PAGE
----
Swift Driver TLS/SSL Guide
This guide covers the installation requirements and configuration options for connecting to MongoDB over TLS/SSL in the driver. See the server documentation to configure MongoDB to use TLS/SSL.
The driver relies on the the TLS/SSL library installed on your system for making secure connections to the database.
- On macOS, the driver depends on SecureTransport, the native TLS library for macOS, so no additional installation is required.
- On Linux, the driver depends on OpenSSL, which is usually bundled with your OS but may require specific installation. The driver also supports LibreSSL through the use of OpenSSL compatibility checks.
Ensuring TLS 1.1+
Industry best practices recommend, and some regulations require, the use of TLS 1.1 or newer. Though no application changes are required for the driver to make use of the newest protocols, some operating systems or versions may not provide a TLS library version new enough to support them.
Users of Linux or other non-macOS Unix can check their OpenSSL version like this:
$ openssl version
If the version number is less than 1.0.1, support for TLS 1.1 or newer is not available. Contact your operating system vendor for a solution, upgrade to a newer distribution, or manually upgrade your installation of OpenSSL.
macOS 10.13 (High Sierra) and newer support TLS 1.1+.
To require that connections to MongoDB made by the driver use TLS/SSL, specify
tls: true in the
MongoClientOptions passed to a
let client = try MongoClient("mongodb://example.com", using: elg, options: MongoClientOptions(tls: true))
tls=true can be specified in the MongoDB Connection String passed to the initializer:
let client = try MongoClient("mongodb://example.com/?tls=true", using: elg)
Note: Specifying any
tls-prefixed option in the connection string or
MongoClientOptions will require all connections made by the driver to use TLS/SSL.
Specifying a CA File
The driver can be configured to use a specific set of CA certificates. This is most often used with “self-signed” server certificates.
A path to a file with either a single or bundle of certificate authorities to be considered trusted when making a TLS connection can be specified via the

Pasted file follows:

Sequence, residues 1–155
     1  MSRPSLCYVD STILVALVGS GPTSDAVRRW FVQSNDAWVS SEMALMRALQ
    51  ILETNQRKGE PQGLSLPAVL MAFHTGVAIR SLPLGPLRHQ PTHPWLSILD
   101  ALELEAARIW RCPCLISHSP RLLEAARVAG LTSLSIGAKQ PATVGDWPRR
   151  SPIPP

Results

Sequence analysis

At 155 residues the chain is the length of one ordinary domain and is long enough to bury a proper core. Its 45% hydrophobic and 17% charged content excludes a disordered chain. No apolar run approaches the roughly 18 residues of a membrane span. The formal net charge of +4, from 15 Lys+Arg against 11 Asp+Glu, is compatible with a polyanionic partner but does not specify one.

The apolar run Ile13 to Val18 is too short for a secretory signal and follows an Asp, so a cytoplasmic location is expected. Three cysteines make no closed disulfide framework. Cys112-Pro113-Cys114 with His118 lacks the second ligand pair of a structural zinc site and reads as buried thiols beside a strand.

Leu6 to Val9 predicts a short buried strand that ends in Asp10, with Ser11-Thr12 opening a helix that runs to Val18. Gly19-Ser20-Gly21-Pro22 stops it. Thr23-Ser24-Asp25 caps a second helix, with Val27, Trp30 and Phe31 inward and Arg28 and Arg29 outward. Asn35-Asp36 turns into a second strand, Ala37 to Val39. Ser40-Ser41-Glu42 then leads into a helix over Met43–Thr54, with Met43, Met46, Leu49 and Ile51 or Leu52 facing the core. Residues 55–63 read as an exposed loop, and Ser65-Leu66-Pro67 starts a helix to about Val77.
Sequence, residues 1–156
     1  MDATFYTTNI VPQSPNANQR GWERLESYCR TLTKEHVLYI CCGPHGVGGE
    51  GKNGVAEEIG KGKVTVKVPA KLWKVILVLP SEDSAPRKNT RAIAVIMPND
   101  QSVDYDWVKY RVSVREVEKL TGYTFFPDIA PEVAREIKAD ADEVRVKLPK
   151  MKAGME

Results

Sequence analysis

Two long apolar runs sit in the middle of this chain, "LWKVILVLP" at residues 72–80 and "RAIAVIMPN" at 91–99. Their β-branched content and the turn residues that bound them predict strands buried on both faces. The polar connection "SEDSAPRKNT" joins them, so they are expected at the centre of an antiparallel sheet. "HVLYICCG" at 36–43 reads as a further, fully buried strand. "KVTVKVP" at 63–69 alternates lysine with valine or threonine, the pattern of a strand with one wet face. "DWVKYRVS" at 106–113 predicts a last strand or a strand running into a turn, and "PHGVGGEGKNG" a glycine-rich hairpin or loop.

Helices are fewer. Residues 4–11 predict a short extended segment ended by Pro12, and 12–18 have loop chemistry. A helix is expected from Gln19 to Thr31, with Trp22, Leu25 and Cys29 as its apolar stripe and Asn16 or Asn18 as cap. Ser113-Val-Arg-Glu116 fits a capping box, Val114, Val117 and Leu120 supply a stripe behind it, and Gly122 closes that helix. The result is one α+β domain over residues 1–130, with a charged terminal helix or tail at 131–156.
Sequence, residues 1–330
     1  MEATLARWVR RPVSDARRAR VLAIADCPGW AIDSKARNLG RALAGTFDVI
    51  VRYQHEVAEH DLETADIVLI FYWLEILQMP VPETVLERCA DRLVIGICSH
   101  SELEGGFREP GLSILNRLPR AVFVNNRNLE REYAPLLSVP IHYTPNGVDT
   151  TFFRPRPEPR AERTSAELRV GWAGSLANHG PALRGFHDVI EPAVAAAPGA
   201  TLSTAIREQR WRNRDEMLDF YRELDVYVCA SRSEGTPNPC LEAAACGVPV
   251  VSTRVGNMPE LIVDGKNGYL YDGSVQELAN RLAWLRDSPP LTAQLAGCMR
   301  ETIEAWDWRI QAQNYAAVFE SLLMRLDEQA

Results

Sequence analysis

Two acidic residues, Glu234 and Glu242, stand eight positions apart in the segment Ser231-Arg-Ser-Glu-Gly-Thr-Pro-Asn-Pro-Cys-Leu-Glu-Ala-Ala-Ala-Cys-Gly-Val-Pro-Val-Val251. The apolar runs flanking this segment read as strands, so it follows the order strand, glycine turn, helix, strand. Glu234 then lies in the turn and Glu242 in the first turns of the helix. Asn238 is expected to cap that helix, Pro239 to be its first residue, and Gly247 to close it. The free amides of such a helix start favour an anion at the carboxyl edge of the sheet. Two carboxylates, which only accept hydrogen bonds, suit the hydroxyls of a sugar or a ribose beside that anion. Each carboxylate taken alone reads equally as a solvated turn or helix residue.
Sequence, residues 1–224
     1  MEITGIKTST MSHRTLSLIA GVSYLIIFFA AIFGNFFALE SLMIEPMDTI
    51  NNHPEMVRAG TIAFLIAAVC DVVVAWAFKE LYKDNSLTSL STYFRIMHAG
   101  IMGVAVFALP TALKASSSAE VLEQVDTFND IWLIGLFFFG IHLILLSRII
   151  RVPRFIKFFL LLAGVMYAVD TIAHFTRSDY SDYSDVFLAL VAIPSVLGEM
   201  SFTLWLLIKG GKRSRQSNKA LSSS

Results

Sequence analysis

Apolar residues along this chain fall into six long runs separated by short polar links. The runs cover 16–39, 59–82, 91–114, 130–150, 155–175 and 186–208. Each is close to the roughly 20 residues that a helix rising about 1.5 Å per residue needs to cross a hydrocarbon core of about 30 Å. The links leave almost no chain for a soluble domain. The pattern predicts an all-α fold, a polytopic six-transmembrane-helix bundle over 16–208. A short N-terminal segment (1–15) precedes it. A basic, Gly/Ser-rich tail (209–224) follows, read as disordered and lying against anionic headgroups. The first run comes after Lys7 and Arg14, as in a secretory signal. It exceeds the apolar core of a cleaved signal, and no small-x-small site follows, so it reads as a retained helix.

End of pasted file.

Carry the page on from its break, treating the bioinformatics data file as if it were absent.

tlsCAFile option on
let client = try MongoClient("mongodb://example.com", using: elg, options: MongoClientOptions(tlsCAFile: URL(string: "/path/to/ca.pem")))
Alternatively, the path can be specified via the
tlsCAFile option in the MongoDB Connection String passed to the client’s initializer:
let caFile = "/path/to/ca.pem".addingPercentEncoding(withAllowedCharacters: .urlHostAllowed)! let client = try MongoClient("mongodb://example.com/?tlsCAFile=\(caFile)", using: elg)
Specifying a Client Certificate or Private Key File
The driver can be configured to present the client certificate file or the client private key file via the
tlsCertificateKeyFile option on
let client = try MongoClient("mongodb://example.com", using: elg, options: MongoClientOptions(tlsCertificateKeyFile: URL(string: "/path/to/cert.pem")))
If the private key is password protected, a password can be supplied via
let client = try MongoClient( "mongodb://example.com", using: elg, options: MongoClientOptions(tlsCertificateKeyFile: URL(string: "/path/to/cert.pem"), tlsCertificateKeyFilePassword: <password>) )
Alternatively, these options can be set via the
tlsCertificateKeyFilePassword options in the MongoDB Connection String passed into the initializer:
let certificatePath = "/path/to/cert.pem".addingPercentEncoding(withAllowedCharacters: .urlHostAllowed)! let password = "not a secure password".addingPercentEncoding(withAllowedCharacters: .urlHostAllowed)! let client = try MongoClient( "mongodb://example.com/?tlsCertificateKeyFile=\(certificatePath)&tlsCertificateKeyFilePassword=\(password)", using: elg )
Note: In both cases, if both a client certificate and a client private key are needed, the files should be concatenated into a single file which is specified by
Server Certificate Validation
The driver will automatically verify the validity of the server certificate by ensuring that it was issued by the configured Certificate Authority, its SAN or CN match the hostname provided in the connection string, and it has not expired.
To override this behavior, it is possible to disable parts or all of it via the following options in the
MongoClientOptions or connection string used to create the
tlsAllowInvalidHostnames: disables hostname validation
tlsDisableOCSPEndpointCheck: disables OCSP endpoint revocation checking. This does not disable verifying OCSP responses stapled to a server’s certificate
tlsDisableCertificateRevocationCheck: disables revocation checking entirely, including via OCSP stapled responses or CRLs.
tlsAllowInvalidCertificates: completely disables server certificate verification and allows any certificate to be used.
By default, all of these options are set to false.
It is not recommended to change these defaults as it exposes the client to on-path-attackers (when
tlsAllowInvalidHostnames is set), invalid certificates (when
tlsAllowInvalidCertificates is set), or potentially
revoked certificates (when
tlsDisableCertificateRevocationCheck are set).
tlsDisableOCSPEndpointCheck have no effect on macOS.
OCSP on Linux/OpenSSL
The Online Certificate Status Protocol (OCSP) (see RFC 6960) is fully supported when using OpenSSL 1.0.1+.
OCSP on macOS
The Online Certificate Status Protocol (OCSP) (see RFC 6960) is partially supported with the following notes:
The Must-Staple extension (see RFC 7633) is ignored. Connection may continue if a Must-Staple certificate is presented with no stapled response (unless the client receives a revoked response from an OCSP responder).
Connection will continue if a Must-Staple certificate is presented without a stapled response and the OCSP responder is down.